The dramatisation in this play of opposition to authority was prophetic at the time, for it was written as fascism was on the rise in Central Europe. The principal focus of the play is on Becket’s internal struggles. As he reflects on his inevitable martyrdom, his tempters arrive and question the archbishop about his plight, echoing in many ways Christ’s temptations in the wilderness.

The first tempter offers the beleaguered Becket the prospect of physical safety:

The easy man lives to eat the best dinners.
Take a friend’s advice. Leave well alone,
Or your goose may be cooked and eaten to the bone.


The second tempter offers him power, riches and fame in serving the king so that he can disarm the powerful and help the poor:

To set down the great, protect the poor,
Beneath the throne of God can man do more?


Then the third tempter suggests the archbishop should form an alliance with the barons and seize a chance to resist the king:

For us, Church favour would be an advantage,
Blessing of Pope powerful protection
In the fight for liberty. You, my Lord,
In being with us, would fight a good stroke
At once, for England and for Rome.


Finally, the fourth tempter urges Thomas to look to the glory of martyrdom:

You hold the keys of heaven and hell.
Power to bind and loose: bind, Thomas, bind,
King and bishop under your heel.


Becket responds to all his tempters and specifically addresses the immoral suggestions of the fourth tempter at the end of the first act:

Now is my way clear, now is the meaning plain:
Temptation shall not come in this kind again.
The last temptation is the greatest treason:
To do the right deed for the wrong reason.


In his temptation in the wilderness, Christ is tempted to do the right things for the wrong reasons.

What would be wrong with Christ turning stones into bread if that is going to feed the hungry? With showing his miraculous powers, if this is going to point to the majesty of God? With taking command of the kingdoms of this world, if this provides the opportunity to usher in justice, mercy and peace?

Let us not deceive ourselves, these are real temptations. Christ is truly human and truly divine, and for those who are morally driven there is always a real temptation to do the right thing but to do it for the wrong reason.

We all know Ireland benefitted in recent years from wanting to be a modern nation, like your neighbours. But that ambition turned to greed, and we were surprised when greed turned to economic collapse. We found we had given in to the temptation to do what appeared to be the right thing for the wrong reason.

Too often when I am offered the opportunity to do the right thing, to make a difference in this society, in this world, I ask: ‘What’s in this for me?’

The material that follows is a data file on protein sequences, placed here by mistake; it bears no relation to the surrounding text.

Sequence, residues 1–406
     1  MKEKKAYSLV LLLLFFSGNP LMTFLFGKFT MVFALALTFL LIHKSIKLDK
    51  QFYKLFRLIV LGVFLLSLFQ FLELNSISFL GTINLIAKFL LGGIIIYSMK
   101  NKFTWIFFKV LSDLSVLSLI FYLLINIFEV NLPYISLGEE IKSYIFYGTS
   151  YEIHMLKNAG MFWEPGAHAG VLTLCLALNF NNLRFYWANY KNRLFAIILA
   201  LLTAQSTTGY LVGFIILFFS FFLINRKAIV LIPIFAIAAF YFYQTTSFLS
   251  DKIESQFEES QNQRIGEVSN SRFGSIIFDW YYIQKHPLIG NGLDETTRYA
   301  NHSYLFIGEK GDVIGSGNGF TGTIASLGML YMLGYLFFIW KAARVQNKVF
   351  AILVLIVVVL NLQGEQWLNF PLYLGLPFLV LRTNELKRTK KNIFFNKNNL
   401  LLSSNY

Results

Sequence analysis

When I am asked to speak up for those who are marginalised or oppressed, this should be good enough reason in itself. But then I wonder how others are going to react – react not to the marginalised or oppressed, but to me.

How often do we use external sources to hide our own internalised prejudices?

How often have I seen what is the right thing to do, but have found an excuse that I pretend is not of my own making?

I hear people claim they are not racist, but speaking about migrants, immigrants and asylum seekers in language that would shock them if it was used about our own family members in England, America or Australia.

The victims of war in Syria or boat people in the Mediterranean are objects for our pity on the television news night after night. But why are they not being settled with compassion, in proportionate numbers in Ireland?

How often do I think of doing the right thing only if it is going to please my family members or my neighbours?

How often do I use the Bible to justify not extending civil rights to others? Democracy came to all of us at a great price paid by past generations, but how often we try to hold on to those rights as if they were personal, earned wealth.

How often we use obscure Bible texts to prop up political, racist, social and economic prejudices, forgetting that any text in the Bible, however clear or obscure it may be, depends, in Christ’s own words, on the two greatest commandments, to love God and to love one another?

We can give in so easily … we can convince ourselves that we are doing the right thing when we are doing it for the wrong reason. And when we allow ourselves to be silenced or immobilised, those we should have spoken up for to lose a voice, then we lose our own voices, and our own integrity.

A wrong decision taken once, thinking I am doing the right thing, but for the wrong reason, is not just about an action in the present moment. It forms habits and it shapes who I am, within time and eternity.

The Revd Martin Niemöller (1892-1984), a prominent German Lutheran pastor and an outspoken opponent of Hitler, once said:

First they came for the socialists, and I did not speak out –
Because I was not a socialist.
Then they came for the trade unionists, and I did not speak out –
Because I was not a trade unionist.
Then they came for the Jews, and I did not speak out –
Because I was not a Jew.
Then they came for me – and there was no one left to speak for me
.